TV Cream

TV: N is for...

National Film Board of Canada, The

FORMED IN 1936 as a propaganda maker, the NFBC has carried on providing state-subsidised films in Canada (both short and feature length) at the rate of hundreds every year, but it’s best known over here thanks to the ones the hard-up Beeb imported for afternoon and evening viewing in the 70s and 80s:

TWO BAGATELLES and NEIGHBOURS (1953) – Two short Norman McLaren films in which animation technique is employed with live actors. In the first, entitled ‘On the Lawn’, a male dancer waltzes to synthetic music. The second is a fast march, ‘In the Backyard’, accompanied by an old-fashioned calliope. ‘Neighbours’ was an anti-war piece originally produced for the United Nations, with two suburban types in an escalating battle over a flower between their two yards; by the end of the film they’ve turned to monsters, destroyed their homes, killed each other and (in a scene cut from the television and schoolroom showings) murdered each other’s wife and kiddies. The flower, naturally, survives.

PAS DE DEUX (1968) – McClaren again, this time multiple-exposing ballet dancers in an oft-imitated tour de force.

[cref 2026 COSMIC ZOOM] (1968) – Top class rowing-boat magnification antics.

SPHERES (1969) – A play on motion, against a background of multi-hued sky, by McLaren and René Jodoin. Spheres of translucent pearl seem to float weightlessly in the unlimited panorama of the sky, grouping, regrouping, at times colliding like some stylized burst of an atomic chain reaction. This airy dance is set to the musical cadences of Bach, played by pianist Glenn Gould.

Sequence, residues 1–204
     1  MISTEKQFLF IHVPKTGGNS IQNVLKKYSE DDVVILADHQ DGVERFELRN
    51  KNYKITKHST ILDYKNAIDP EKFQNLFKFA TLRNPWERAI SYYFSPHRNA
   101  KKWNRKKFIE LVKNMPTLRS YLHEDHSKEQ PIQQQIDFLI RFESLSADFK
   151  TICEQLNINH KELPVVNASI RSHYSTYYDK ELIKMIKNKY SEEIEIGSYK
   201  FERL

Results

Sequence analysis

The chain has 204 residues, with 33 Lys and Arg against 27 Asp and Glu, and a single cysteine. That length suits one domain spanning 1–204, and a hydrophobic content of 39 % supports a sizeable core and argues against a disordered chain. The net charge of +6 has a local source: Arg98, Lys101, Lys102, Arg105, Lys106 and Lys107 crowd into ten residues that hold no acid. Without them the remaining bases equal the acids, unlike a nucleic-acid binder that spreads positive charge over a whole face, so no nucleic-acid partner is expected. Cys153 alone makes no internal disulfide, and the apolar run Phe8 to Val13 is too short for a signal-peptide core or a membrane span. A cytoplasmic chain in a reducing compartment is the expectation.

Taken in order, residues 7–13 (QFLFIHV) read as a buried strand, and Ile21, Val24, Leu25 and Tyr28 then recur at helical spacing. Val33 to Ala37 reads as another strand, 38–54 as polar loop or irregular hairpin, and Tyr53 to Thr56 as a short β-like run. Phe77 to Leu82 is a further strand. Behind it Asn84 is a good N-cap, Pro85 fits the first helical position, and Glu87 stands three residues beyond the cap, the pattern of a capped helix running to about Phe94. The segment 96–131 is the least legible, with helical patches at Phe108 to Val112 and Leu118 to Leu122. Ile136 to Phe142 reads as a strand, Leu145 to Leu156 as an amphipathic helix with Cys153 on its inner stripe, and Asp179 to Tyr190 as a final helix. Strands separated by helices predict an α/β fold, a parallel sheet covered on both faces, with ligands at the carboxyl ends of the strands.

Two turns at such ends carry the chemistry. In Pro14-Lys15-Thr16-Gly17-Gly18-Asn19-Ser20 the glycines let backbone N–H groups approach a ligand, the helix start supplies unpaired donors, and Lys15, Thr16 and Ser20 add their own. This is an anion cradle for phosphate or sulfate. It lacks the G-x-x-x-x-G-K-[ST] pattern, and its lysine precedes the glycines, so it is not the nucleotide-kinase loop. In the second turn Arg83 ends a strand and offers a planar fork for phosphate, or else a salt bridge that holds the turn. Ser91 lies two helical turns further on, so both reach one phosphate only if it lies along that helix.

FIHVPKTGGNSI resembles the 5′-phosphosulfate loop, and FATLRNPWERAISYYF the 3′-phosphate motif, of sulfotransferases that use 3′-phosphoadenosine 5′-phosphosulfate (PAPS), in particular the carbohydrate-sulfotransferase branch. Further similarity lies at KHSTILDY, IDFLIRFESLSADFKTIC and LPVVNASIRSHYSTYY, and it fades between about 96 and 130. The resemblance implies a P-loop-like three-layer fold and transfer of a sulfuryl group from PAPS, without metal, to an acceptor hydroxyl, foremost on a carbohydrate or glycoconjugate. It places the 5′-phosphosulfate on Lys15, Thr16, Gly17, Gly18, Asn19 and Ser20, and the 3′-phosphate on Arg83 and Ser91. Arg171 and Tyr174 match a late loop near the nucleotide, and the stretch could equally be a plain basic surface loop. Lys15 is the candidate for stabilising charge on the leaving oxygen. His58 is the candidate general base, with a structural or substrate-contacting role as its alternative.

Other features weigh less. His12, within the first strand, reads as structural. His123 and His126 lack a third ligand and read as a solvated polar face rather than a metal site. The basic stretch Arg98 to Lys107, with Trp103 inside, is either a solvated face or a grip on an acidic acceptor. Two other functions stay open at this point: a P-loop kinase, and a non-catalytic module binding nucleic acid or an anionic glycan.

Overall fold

THE OWL WHO MARRIED A GOOSE (1974) – Inuit story of avial crossbreeding told in the original language.

MINDSCAPE (1976) – A particularly creative example of the pinscreen animation technique (i.e. pictures made up of thousands of different-length pins in a mind-bogglingly painstaking process), this film is about an artist who steps inside his painting and wanders about in a landscape peopled with symbols that trigger unexpected associations. Escher-type oddness.

THE SAND CASTLE (1977) – Funny man-thing comes out of the sand and builds weird three-legged snake things, which then build a big house out of sand before being blown away by the wind.

BLOWHARD (1978) – Animated tale of J.B. Edwards, an easterner who went west to create a fuel company called Consolidated Dragons. The company’s profits were sorely affected when the supply of dragons started to dry up. A solution had to be found – and was.

CANINABIS (1979) – Story of a Muttley-like drug squad pooch whose hash habit lands him in hot water. Pro or anti? No idea.

S.P.L.A.S.H. (1980) – Army of water droplets go through the cycle from cloud to river to penis. Stood for Sea, Pond, Lake and Stream Headquarters.

THE SWEATER (1980) – An animated version of a short story by Québec author Roch Carrier about a boy hankering after ice hockey players and a Maple Leaf “swetcher”.

THE BIG SNIT (1985) – Famous weirdo apocalyptic cartoon with much Scrabble playing, tooth rattling, eye-shaking fun. And Sawing For Teens.

THE CAT CAME BACK (1989) – Infamous scratchy cartoon (identical animation style to ‘Snit), concerning a hapless bloke’s various doomed attempts to execute, mangle, or otherwise dispose of an unwanted, furniture-ruining cat. Jaunty, perhaps-too-catchy song underpinned the action.